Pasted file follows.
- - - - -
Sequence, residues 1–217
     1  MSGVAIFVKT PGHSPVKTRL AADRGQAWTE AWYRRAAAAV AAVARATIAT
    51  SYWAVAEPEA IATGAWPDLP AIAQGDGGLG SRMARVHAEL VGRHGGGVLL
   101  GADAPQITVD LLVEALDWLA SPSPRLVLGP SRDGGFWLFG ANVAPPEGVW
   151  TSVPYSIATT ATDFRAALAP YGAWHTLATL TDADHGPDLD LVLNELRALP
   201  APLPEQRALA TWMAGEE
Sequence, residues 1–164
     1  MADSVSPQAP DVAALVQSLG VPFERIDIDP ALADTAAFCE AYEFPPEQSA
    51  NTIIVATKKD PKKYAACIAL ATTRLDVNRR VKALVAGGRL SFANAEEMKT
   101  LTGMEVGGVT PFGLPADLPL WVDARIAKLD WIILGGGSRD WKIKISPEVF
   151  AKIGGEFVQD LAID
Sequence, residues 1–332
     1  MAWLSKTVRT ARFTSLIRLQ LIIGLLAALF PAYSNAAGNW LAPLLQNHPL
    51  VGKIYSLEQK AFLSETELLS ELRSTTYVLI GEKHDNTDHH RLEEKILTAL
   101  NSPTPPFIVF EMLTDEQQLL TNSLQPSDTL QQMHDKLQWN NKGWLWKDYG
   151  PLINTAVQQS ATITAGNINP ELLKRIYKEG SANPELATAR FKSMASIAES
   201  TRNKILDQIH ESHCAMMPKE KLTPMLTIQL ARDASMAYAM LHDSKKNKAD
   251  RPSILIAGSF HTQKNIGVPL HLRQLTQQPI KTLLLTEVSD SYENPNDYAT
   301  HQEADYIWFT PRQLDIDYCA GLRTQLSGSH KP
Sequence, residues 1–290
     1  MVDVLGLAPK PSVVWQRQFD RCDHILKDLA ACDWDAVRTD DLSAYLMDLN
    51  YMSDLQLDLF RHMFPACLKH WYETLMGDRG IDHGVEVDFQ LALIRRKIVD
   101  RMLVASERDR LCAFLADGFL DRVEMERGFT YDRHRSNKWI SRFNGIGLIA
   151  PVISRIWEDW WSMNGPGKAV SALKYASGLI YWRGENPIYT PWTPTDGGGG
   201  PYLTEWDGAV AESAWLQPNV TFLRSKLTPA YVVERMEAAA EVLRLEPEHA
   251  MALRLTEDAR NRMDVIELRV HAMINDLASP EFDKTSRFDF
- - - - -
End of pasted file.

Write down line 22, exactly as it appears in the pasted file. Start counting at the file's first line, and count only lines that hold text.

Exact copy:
    51  YMSDLQLDLF RHMFPACLKH WYETLMGDRG IDHGVEVDFQ LALIRRKIVD